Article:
• Rolling out Local Nature Recovery Strategies to identify areas to create and restore habitat.
  • Restore 400 miles of river through the first round of Landscape Recovery projects.
  • Establish 3,000 hectares of new woodlands along England’s rivers.
  • Grow a sustainable and long-term UK timber supply by investing in tree planting and skills.
  • Deliver the five-year action plan of the 2023 Plant Biosecurity Strategy for GB.


England Woodland Creation Offer payment rates revised

Base payments have been increased by 20% to £10,200/ha from £8,500/ha and annual maintenance payments have also increased to £350/ha. Previously, payments covered around 75-80% of costs and it is now break even for many. The EWCO funds capital items and activities to establish new woodland, contributes to infrastructure costs, covers some maintenance costs, and provides funding for other benefits such as public access and flood management.  Contact Hugh Williams for more details.

Launch of the Forest Research Climate Change hub

To help improve the resilience of UK forests and woodlands, climate change mitigation measures must be widely adopted. With this in mind, the Climate Change Hub aims to be a one-stop-shop for landowners and forest managers, bringing together the latest news and research on adaptive practices and how they can be implemented.  Having a woodland management plan is the first step in the adaptation framework. If you have questions about this, please contact Hugh Williams or Simon Hart.


Long-awaited revision of the National Planning Policy Framework open for consultation

The main changes proposed in the consultation are to housing and renewable energy policies. The revised NPPF is likely to reflect the Government’s intention to scrap the 5-year land supply, which would no longer apply if a local authority has an up-to-date local plan in place. This would reduce opportunities to get approval for development proposals where councils are not meeting their 5-year housing land supply targets.  Regarding renewable energy, it is proposed to create a new expectation that projects to re-power energy schemes would be approved if their impacts are or can be made acceptable in planning terms. There will also be some tightening of the rules around Biodiversity Net Gain to reduce the risks of developers clearing habitats before submitting applications. Responses to the consultation are due by 2nd March and the Government intends to respond in the spring.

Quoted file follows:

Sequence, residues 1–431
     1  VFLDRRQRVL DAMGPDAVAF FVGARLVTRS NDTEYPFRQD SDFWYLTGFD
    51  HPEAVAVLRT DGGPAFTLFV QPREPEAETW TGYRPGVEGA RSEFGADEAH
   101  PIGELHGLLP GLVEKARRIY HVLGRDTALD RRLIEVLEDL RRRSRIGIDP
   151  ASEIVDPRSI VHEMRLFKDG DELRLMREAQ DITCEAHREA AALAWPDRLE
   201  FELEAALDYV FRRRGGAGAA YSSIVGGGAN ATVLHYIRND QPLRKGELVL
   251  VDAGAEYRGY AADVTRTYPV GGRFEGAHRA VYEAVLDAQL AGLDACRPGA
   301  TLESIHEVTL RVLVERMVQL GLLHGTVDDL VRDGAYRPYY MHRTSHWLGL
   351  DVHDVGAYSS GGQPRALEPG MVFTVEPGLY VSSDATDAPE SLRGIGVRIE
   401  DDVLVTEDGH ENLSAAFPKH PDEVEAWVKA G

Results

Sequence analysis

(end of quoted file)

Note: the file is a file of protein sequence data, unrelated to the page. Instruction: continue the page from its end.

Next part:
Defra launching a consultation on sustainable drainage

At the moment, Sustainable Draining Systems (SuDS) are only a requirement for developments of 10 dwellings or more, but Defra has confirmed that this requirement is soon to be broadened. SuDS can include wetlands, grassy areas, gardens and ponds and help in reducing flooding risks. The Wildfowl and Wetlands Trust welcomed the move, not only for its practicality, but also because it will “provide a natural resource for people’s mental wellbeing by putting blue and green space in urban areas directly where people live and work”. Defra will soon launch a consultation on the best approach to adopt and the new requirements are likely to take effect from next year.

Almost 10% of local bus services cut in 2022 despite the “bus back better” strategy

The number of registered bus services in Great Britain fell by more than 1,000 registered routes in the twelve months to January 2023.  The data is likely to reflect cuts in services but it can also be affected by services merging or routes being altered.  The cuts vary between regions, with a reduction of over a quarter of bus service registrations in the West Midlands and with an increase of 2% in the East.  This is despite England’s national bus strategy, published in 2021, and Boris Johnson’s “bus back better” strategy.  The situation may get worse from April when the bus recovery grant, which supported services affected by the pandemic, ends.  Local bus registrations have been falling for over a decade.